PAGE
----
NBA Finals: What's wrong with Manu Ginobili?

By Royce Young | NBA writer

Manu.   (USATSI)
Where has Manu Ginobili been for the Spurs in the Finals? (USATSI)

SAN ANTONIO -- I don't think anyone summarized the disappearance of Manu Ginobili better than CBSSports.com's Gary Parrish did in 140 characters or less.

"Manu Ginobili has finally started playing like you'd expect a man with a large bald spot to play," he tweeted.

Thank you, and goodnight.

It's been quietly overlooked in these four games, though, of the NBA Finals that Ginobili, 35, has kind of stunk it up. Actually not kind of. Really. He's really stunk it up.

His numbers so far in the Finals: 7.5 points on 34.5 percent shooting, 1.5 rebounds and 3.0 assists. In Game 4, he scored five points (two coming in garbage time) on 1-5 shooting and was a team worst -22. His best game in the series was Game 1 where he scored 13 on 5-11. The last three, he's scored a total of 17 points on a combined 6-18 shooting.

Ginobili's old, we get that. The simple answer as to what's wrong is that he's finally over the hill for good. He's not the Ginobili that was slashing and passing and cutting up defenses everywhere five years ago. But age isn't the problem. He's just not playing well, at all.

"Yes I am surprised," Ginobili said of his individual performance. "I wish I could score more, but it's not happening. I've got to try and do other stuff, I've got to move the ball if the shot is not falling. I've got to be sharp feeding the bigs, and finding shooters. And when that happens, I don't have to force it. Usually that's not what I do and that's not what I'm asked to do."

On a night Miami's Big 3 scored a combined 77, the Spurs produced just 40. And Tim Duncan and Tony Parker combined for 87.5 percent of that. Ginobili is a player that has always supplemented his teammates with scoring, but he's just not doing that right now.

"That's what they've been all season long, it's not that I scored 30 a game this year," Ginobili said of his scoring. "I'm not feeling pressure that I have to score 20 to win. It's not who we are."

Said Duncan: "I think he's just trying to be incredibly unselfish right now. I think he's trying to make the right play at the right time. He's trying to make the right pass, make the defense move instead of looking more for his own. So I think he's just trying to make the right play more than anything. We need him to be a little more aggressive, be a little more selfish, maybe and hopefully we can find him a way to get him to do that."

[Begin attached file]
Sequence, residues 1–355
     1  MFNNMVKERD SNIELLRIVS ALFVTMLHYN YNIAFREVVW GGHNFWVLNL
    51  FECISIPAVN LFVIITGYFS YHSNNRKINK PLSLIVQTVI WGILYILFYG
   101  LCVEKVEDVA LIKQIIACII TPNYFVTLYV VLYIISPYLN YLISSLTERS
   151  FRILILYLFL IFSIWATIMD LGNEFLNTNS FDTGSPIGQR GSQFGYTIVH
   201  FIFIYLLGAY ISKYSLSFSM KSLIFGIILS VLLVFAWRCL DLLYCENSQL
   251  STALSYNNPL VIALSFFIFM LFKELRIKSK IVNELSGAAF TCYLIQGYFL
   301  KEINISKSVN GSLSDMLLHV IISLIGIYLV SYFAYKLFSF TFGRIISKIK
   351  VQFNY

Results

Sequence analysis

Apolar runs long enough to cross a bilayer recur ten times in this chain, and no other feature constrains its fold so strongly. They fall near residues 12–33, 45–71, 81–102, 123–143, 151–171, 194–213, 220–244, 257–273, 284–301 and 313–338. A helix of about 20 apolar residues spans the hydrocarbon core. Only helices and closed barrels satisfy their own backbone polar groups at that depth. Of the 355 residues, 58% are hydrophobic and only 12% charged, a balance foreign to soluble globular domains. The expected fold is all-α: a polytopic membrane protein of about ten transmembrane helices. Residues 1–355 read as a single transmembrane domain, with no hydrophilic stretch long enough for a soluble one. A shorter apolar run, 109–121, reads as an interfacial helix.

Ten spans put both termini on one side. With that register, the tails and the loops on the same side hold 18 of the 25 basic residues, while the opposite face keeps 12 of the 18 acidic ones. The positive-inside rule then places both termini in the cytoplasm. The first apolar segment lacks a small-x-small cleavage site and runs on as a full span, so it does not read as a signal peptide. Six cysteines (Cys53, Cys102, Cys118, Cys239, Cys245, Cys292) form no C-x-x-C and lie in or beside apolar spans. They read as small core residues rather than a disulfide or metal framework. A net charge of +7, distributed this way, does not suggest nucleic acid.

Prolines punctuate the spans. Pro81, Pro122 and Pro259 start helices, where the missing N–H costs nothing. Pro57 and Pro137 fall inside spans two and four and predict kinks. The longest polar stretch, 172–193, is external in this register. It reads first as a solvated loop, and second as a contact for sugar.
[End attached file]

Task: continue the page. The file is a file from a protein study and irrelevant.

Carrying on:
Duncan identified the problem as Ginobili needing to be more selfish. Maybe that's the easy explanation. Ginobili is only taking 7.3 shots a game, and is immediately looking to pass on almost any touch he gets. The Heat are doubling and trapping screen-and-rolls with Ginobili, and it's turning him into a complete pass-first player. The Ginobili of five years ago, the one with flowing locks of hair, would be attacking that double before it got there, assaulted the rim, collapsing help defenders and then kicking to a teammate.

Instead, Ginobili looks like a dad that just woke up from an afternoon nap and immediately started trying to dribble a basketball. Simple things, like splitting a double or going behind his back have become a chore. At times, it's like he's never touched a basketball before, stumbling and losing handle of the ball. He doesn't look like himself. Not even himself from two weeks ago.

"I don't know [what the problem is]," Gregg Popovich said. "If I knew that I would have already fixed it."

It seemed intentional that as Popovich pulled his starters with about four minutes left that he actually subbed Ginobili back in with the garbage time unit. Down 15 and playing alongside Nando De Colo, DeJuan Blair, Cory Joseph and Boris Diaw, Ginobili handled the ball, defended LeBron James and was a bit more aggressive as the offensive focal point. He made his only shot of the game -- a mid-range pull-up and got to the line for two free throws.

Clearly, it was an effort to spark Ginobili and help him find a rhythm. Because it's obvious that unless Gary Neal and Danny Green plan to rain fire from the heavens again, having Ginobili as a scorer and creator is extremely necessary.

"We definitely need Manu," said Tony Parker. "I think everybody, we need to help him to try to get his confidence going. But I have a lot of confidence in Manu. I'm sure he's going to break out of that slump. I've been playing with him for a long time. I know he's going to have a big game soon."

It could also be that the Heat have identified Ginobili as a potential problem. Allow him to get his slash, score and kick game going and the Spurs' offense becomes that much more lethal.

"He's a big-time player," said LeBron James. "Against big-time players you just try and take it tough on them."

A lot of folks wrote Dwyane Wade off for dead before Game 4 and he reversed the clock to 2006 responding with 32 points, six rebounds, four assists and six steals. And might've saved Miami's season because of it.

Now, it might be Ginobili's turn to do the same for the Spurs.

 
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